French reshuffle set to stick to trusted heavyweights

* Reshuffle to keep PM Fillon, conservative heavyweights

* Sarkozy aiming to shore up support base, avoid surprises

By Catherine Bremer

PARIS, Nov 10 (BestGrowthStock) – Victorious in his pension reform
battle but deeply unpopular, President Nicolas Sarkozy will soon
unveil a “play-it-safe” cabinet reshuffle aimed at galvanising
his core conservative support base.

Sarkozy, whose ratings have dipped below 30 percent 18
months before an election where he could seek a second term,
will stick with proven politicians and avoid big surprises as he
switches a handful of ministers next week.

After dangling the possibility that he could switch his
prime minister for an earthy energy minister with better social
credentials, Sarkozy is now set to hold onto Francois Fillon, a
capable ally who opinion polls show is well liked by the ruling
UMP party’s centre-right support base.

“The novelty may be that in fact there is no major change
and France keeps a prime minister on for the duration,” said
Jerome Fourquet, deputy director at pollster IFOP.

“Rather than a zig-zag in politics and a change of course,
this is about a lasting course of action,” he said.

Sarkozy is stuck with sagging ratings and loathed by
millions of French for putting off their retirement by two
years, although he has scored points with financial markets and
his party for standing firm through months of union-led protests
to pass a law aimed at curbing a swelling pension deficit.

After swiftly signing the reform into law hours after it won
Constitutional Council approval on Tuesday, Sarkozy is now
banking on giving his cabinet a second wind ahead of a 2012
election that will pit him against a resurgent left.

Analysts say the no-risks reshuffle will also be aimed at
keeping a solid team in place to run things while he is busy
working on an ambitious overhaul of the international monetary
system as France takes over the G20 presidency from next week.


Sarkozy may seek to please old-school conservatives by
bringing back Alain Juppe, a heavyweight former prime minister
under President Jacques Chirac, as head of a key ministry such
as defence, according to people close to the president.

Christine Lagarde, whose articulate financial discourse in
fluent English has made her an ambassador for France in global
financial markets, could stay as economy minister or move to the
foreign ministry with a special brief to handle G20 affairs.

In that case, Budget Minister Francois Baroin — also close
to Chirac and liked by dyed-in-the-wool conservatives — could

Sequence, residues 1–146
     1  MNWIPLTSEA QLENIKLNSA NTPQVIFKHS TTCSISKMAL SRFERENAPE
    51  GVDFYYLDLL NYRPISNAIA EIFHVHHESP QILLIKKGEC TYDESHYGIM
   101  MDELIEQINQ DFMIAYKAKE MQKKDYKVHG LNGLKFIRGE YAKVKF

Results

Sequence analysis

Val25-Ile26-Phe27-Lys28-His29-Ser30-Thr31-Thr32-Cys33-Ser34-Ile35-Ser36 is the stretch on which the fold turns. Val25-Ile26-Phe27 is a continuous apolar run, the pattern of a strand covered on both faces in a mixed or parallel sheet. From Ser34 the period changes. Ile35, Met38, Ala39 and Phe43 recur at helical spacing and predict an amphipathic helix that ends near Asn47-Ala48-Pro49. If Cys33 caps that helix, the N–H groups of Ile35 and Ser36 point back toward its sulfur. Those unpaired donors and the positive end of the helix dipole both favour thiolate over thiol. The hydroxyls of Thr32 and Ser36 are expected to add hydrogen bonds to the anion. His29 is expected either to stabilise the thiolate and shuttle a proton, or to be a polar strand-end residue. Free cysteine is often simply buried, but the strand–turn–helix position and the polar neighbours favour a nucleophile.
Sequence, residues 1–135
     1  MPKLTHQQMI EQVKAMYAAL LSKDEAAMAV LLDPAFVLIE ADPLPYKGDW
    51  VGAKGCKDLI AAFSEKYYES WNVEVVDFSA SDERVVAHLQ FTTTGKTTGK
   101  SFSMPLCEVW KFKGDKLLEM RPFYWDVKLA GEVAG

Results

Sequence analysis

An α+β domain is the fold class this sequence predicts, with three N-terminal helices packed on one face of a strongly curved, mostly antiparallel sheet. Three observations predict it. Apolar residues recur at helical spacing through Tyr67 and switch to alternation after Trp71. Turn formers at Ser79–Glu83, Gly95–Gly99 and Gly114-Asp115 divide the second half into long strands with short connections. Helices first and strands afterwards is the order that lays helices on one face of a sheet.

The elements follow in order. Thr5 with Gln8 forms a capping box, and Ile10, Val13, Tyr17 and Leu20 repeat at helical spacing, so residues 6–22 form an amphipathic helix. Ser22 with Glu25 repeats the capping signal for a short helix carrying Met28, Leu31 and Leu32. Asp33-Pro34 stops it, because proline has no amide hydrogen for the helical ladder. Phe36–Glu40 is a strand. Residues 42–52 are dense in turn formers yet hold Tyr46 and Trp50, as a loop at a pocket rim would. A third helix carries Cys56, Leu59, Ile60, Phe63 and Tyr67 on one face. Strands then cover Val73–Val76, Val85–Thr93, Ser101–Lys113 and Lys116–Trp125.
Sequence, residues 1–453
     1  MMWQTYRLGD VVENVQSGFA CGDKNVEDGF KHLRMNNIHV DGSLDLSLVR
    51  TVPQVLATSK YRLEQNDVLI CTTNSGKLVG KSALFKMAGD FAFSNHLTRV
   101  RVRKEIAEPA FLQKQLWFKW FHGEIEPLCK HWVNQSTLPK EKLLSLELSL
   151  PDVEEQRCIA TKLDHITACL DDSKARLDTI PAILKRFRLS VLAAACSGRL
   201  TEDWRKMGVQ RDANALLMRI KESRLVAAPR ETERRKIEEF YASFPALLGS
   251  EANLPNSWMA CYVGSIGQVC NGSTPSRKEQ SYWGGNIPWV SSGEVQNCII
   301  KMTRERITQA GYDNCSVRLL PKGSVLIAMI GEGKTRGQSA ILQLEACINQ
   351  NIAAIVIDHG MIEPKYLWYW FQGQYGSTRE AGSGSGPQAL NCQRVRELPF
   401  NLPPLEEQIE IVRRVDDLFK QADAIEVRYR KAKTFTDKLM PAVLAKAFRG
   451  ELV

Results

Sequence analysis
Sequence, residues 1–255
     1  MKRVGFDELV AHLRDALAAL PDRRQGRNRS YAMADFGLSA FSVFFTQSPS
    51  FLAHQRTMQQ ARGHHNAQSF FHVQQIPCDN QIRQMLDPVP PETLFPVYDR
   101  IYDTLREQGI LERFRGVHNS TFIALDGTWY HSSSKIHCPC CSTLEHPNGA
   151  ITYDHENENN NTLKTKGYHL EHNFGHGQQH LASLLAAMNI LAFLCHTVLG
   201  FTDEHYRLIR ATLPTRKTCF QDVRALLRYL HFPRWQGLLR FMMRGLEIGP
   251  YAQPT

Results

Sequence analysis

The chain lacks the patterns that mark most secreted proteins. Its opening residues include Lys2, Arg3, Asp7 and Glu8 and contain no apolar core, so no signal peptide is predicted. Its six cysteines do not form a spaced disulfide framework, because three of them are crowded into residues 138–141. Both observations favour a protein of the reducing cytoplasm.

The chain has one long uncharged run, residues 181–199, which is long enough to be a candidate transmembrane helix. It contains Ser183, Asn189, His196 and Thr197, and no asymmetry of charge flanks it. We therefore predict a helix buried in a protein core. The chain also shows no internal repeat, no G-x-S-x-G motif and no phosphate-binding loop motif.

step up to the finance ministry, according to French media.

Sarkozy, whose popularity has been hit by anger over
economic gloom and a political favours scandal involving
France’s richest woman, said months ago that he would rejig his
cabinet once the pension reform was in place.

Government sources now say he could unveil the changes as
early as Monday, after he returns from the Group of 20 summit in
Seoul. French daily Le Figaro said he would likely explain them
to the nation in a televised address next Thursday.

France takes over the G20 presidency next week, and Fillon
is widely regarded as more than competent to run national
affairs while Sarkozy is tied up in international meetings.

Fillon is also more highly regarded in opinion polls than
Energy Minister Jean-Louis Borloo, who Sarkozy briefly
considered bringing in as a new prime minister who could open
social dialogue with unions.

As Fillon was photographed this week in a beaming
double-handed handshake with Sarkozy, Borloo hinted he could
leave the government if not promoted.

Last week Fillon made it clear he wanted to stay, saying,
during comments on the government’s economic reform drive: “I
don’t think you gain anything by changing course halfway through
… getting France back on its feet requires time.”

Meanwhile Juppe, currently mayor of the city of Bordeaux,
told reporters there that he has been friends with Sarkozy for
many years and would be happy to join his government.

Sarkozy will be in Seoul on Thursday and Friday but has a
handy window for the reshuffle announcement at the start of next
week before he travels to Lisbon for a Nov. 19-20 NATO summit.

French reshuffle set to stick to trusted heavyweights